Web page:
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US Troops Worst Nightmare Just Showed Back Up In Iraq

Oct 13
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 An Iraqi special forces soldier walks in front of humvees destroyed by an Islamic State suicide car bomb attack during clashes in Mosul, Iraq, November 19, 2016. REUTERS/Goran Tomasevic TPX IMAGES OF THE DAY - S1AEUNTDCRAC
An Iraqi special forces soldier walks in front of humvees destroyed by an Islamic State suicide car bomb attack during clashes in Mosul, Iraq, November 19, 2016. REUTERS/Goran Tomasevic TPX IMAGES OF THE DAY - S1AEUNTDCRAC
The Daily Caller
By Saagarenjeti
|Thursday 12 October 2017

A particularly deadly type of improvised explosive device was used for the first time in years to kill a U.S. soldier on Oct. 1, U.S. Army Maj. General Robert White confirmed to Pentagon reporters Thursday.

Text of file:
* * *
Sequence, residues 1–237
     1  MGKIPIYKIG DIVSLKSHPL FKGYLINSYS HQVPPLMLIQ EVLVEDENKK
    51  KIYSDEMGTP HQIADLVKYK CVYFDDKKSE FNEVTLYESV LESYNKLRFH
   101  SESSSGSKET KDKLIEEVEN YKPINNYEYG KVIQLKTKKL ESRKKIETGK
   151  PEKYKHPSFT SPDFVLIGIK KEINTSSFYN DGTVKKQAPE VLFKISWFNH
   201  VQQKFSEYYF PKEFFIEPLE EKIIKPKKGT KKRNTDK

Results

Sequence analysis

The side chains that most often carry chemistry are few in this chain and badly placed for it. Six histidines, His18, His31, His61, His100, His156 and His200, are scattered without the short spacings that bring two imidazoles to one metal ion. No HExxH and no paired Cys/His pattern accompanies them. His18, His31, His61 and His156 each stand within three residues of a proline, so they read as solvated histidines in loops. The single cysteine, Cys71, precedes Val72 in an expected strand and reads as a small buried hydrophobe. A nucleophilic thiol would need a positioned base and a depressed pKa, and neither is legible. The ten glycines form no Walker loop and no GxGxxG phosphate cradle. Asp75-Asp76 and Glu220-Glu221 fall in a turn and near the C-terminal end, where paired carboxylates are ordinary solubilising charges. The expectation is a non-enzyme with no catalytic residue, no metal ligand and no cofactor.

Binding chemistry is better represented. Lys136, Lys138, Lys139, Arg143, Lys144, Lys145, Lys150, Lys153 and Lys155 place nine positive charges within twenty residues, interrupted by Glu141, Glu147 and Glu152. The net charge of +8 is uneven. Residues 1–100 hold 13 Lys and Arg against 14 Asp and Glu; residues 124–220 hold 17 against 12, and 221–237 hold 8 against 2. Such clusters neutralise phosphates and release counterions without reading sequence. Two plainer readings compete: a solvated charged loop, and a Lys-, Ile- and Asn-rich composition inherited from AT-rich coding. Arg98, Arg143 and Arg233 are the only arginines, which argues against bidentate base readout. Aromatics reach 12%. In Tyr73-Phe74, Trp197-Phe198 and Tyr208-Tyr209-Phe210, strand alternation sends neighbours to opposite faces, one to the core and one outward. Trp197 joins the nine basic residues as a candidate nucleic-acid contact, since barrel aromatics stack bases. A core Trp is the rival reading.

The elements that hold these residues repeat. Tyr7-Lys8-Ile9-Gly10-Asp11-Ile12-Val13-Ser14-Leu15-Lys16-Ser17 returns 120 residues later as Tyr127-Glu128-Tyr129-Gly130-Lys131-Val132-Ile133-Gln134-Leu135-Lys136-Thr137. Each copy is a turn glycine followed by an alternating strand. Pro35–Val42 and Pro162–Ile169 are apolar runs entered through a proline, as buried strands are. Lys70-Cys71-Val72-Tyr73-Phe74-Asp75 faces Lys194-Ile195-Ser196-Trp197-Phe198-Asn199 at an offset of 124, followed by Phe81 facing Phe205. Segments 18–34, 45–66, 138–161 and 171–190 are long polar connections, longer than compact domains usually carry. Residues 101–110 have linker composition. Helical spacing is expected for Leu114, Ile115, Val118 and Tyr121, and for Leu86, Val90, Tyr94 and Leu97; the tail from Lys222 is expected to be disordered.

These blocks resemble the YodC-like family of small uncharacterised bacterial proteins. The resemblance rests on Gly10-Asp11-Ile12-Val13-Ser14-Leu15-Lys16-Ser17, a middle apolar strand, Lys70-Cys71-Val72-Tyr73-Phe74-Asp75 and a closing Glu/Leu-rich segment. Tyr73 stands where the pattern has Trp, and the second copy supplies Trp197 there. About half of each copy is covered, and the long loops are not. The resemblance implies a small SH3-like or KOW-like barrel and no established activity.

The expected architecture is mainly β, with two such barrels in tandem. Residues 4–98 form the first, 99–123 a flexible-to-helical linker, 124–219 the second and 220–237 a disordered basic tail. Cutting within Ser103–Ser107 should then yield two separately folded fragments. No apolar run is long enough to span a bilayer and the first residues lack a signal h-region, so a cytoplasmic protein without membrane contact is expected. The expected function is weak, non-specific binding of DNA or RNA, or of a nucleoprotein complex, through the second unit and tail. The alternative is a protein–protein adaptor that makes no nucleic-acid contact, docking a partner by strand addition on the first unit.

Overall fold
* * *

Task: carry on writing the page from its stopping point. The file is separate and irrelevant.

The IED is known as an explosively formed projectile which was widely used against U.S. troops during the Iraq war and accounted for hundreds of American deaths. The weapon has not been seen in combat against U.S. forces in years and is known to have been provided to Iraqi militias in the past by the Islamic republic of Iran. The technology however is known to have proliferated to other organizations.

“It was a classic ambush spot,” White said of the assault site, adding that the penetrator used was steel.  Operation Inherent Resolve spokesman Army Col. Ryan Dillon did not cast blame on any particular actor on the battlefield telling The Washington Post “investigations are continuing into the type and quality of the bomb to better determine where it originated. To say whether or not ISIS did it or not — we have not determined that yet. We are not ruling anything out.”

Chairman of the Joint Chiefs of Staff Marine Gen. Joseph Dunford told Congress in 2015, “I know the total number of soldiers, sailors, airmen and Marines that were killed by Iranian activities, and the number has been recently quoted as about 500,” in a reference to EFP use in Iraq.

“What makes E.F.P.’s so deadly is that they form “slugs” at detonation that maintain their shape over distances of over 100 yards or more, traveling at speeds of nearly a mile per second. This allowed insurgent forces to hide these weapons far from the road, better camouflaging them and making them far more deadly,” The New York Times explained in 2013.

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